The Office of the Australian Information Commissioner (OAIC) has launched a new privacy management framework in a bid to encourage organisations to embed sound privacy practice into their operations.
The new framework, which was launched on Monday to coincide with Privacy Awareness Week (PAW) 2015, outlines four steps that the OAIC wants organisations to employ in order to ensure good privacy governance: Embed a culture of privacy enabling compliance; establish robust and effective privacy processes; evaluate privacy processes for continued effectiveness; and enhance responses to privacy issues.
It comes just over a year after reforms to Australia's privacy laws came into effect in March 2014, with the changes applying to Australian government agencies, private sector businesses, and not-for-profit organisations covered by the Privacy Act 1988.
With the reforms came the Australian Privacy Principles (APPs), which replaced the National Privacy Principles and Information Privacy Principles, and apply to organisations and Australian government agencies.
While all the policies assessed adequately described the kinds of personal information they collect and how it is collected, some did not outline how personal information could be accessed and corrected, said the OAIC.
However, all 20 organisations had privacy policies that were easy to find on their websites, and all privacy policies adequately described the kinds of personal information each organisation collects and how it is collected, the OAIC said.
The release of the new framework sees the OAIC move to shift its focus away from law reform implementation to a broader strategic view, and ongoing privacy awareness and enforcement.
Australian Information Commissioner Timothy Pilgrim, who spoke at the PAW event launching the new framework in Sydney on Monday, said that embedding good privacy practice into daily business processes would help organisations respond to change and implement best privacy practice.
"I expect all organisations that have responsibilities under the Privacy Act to make a commitment to implement this framework," said Pilgrim. "This will put organisations in the best position to address privacy challenges head on, meet their obligations under the Act, and ultimately get ahead of the game."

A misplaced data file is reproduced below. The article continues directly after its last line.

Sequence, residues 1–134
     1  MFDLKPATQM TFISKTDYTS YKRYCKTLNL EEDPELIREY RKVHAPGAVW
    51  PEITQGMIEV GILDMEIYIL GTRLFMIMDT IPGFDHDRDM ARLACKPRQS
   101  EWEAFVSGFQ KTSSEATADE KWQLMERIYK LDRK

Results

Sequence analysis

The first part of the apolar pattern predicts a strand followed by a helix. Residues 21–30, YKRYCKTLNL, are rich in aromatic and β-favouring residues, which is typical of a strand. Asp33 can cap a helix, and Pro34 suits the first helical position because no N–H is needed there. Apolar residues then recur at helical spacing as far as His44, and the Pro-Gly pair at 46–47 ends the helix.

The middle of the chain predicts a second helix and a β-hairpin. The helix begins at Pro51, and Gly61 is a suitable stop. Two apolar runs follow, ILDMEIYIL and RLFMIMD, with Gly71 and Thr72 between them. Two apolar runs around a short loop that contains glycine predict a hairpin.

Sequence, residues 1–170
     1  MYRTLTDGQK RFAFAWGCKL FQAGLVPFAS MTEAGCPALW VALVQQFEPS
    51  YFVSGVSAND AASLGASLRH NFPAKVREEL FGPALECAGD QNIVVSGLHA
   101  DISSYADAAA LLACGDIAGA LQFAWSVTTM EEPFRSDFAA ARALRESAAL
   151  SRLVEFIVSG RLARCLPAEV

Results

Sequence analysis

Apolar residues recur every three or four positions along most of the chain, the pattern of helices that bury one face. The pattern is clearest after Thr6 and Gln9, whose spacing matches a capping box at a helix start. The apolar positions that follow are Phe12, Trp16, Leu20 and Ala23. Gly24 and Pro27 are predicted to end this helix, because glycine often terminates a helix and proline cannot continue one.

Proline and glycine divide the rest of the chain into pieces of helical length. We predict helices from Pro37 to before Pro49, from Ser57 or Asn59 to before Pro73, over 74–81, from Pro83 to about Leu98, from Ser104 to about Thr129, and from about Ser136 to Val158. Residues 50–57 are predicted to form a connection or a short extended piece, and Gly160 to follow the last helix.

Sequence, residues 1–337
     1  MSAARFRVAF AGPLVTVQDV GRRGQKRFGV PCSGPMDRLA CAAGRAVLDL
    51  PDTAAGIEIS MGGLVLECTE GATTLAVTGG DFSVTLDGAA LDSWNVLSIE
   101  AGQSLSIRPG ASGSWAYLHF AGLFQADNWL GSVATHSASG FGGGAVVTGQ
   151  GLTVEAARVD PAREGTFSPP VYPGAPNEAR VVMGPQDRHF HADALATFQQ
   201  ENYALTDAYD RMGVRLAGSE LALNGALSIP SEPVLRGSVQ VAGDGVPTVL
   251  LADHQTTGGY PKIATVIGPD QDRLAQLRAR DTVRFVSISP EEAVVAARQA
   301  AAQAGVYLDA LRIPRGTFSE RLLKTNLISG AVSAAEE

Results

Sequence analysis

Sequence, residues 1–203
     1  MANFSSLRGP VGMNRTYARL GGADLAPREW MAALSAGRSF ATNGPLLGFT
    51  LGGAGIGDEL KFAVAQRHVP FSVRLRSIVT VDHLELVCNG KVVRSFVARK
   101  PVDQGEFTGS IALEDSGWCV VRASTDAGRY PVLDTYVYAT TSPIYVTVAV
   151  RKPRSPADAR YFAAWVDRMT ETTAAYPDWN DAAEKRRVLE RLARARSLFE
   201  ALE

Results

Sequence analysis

"It's very hard for us to segment the product based on jurisdiction, so we really need to want to encourage a global perspective on policy," said Garlick, who spoke at the PAW business breakfast. "For us, we adopt a European standard of privacy ... and we try to apply that as much as we can across the world."
However, Garlick revealed that this approach was not a perfect fix, with Facebook having to turn off some information-gathering features of its service in certain regions.
"The ideal is that there is one global standard, but sometimes that is just not possible," she said.
Additionally, Mark Burdon from TC Beirne School of Law at the University of Queensland suggested that Australia needs to compile a deeper reservoir of legal rulings around information privacy issues from which policy makers and organisations alike can draw legal guidance.
"One of the difficulties that we have in Australia is that we just don't have enough jurisprudence," said Burdon. "We need more cases to get to the courts so the courts can consider the kinds of issues.
"We haven't really had that deep sense from a jurisprudential perspective of what is personal information, and more importantly what should be personal information," he said.
According to new research by professional services firm Deloitte, the majority (67 percent) of Australians consider their credit card details to be the personal information they are most concerned about being subject to an information breach.
Deloitte Australia's inaugural Australian Privacy Index, also launched on Monday to coincide with PAW 2015, revealed that other major sources of breach concern for Australian consumers were passport numbers (46 percent) and driver licence numbers (43 percent).
The study, which was informed by more than 1,000 surveyed individuals, also found that the banking and finance, and government sectors were the top two most trusted industry areas by consumers when it comes to safeguarding personal information.
The study suggested that transparency played a key role in how trustworthy an industry sector appears to consumers, with the media, telecommunications, and travel and transport sectors claiming the bottom three places in the overall Privacy Index 2015 ranking, which rated 11 industries in total.
Curiously, social media ranked third, just below banking and finance, with Deloitte suggesting that the industry's minimal use of third-party cookies compared to other industries such as retail, and its moves towards greater transparency, helped to buoy its place on the list.
This comes despite social media and the telecommunications sectors collectively accounting for 58 percent of the consumer complaints regarding privacy.
Another unexpected result from the study was the discovery that good data breach disclosure practices resulted in over a third (34 percent) of respondents claiming to have more trust in the organisations that had experienced a breach of personal information, rather than less.
"It is critical that as organisations derive benefit from personal information, the consumer is kept informed about the use and any changes to their data," said Cyber Risk Services director and key author of the inaugural Deloitte Australian Privacy Index Gavin Cartwright.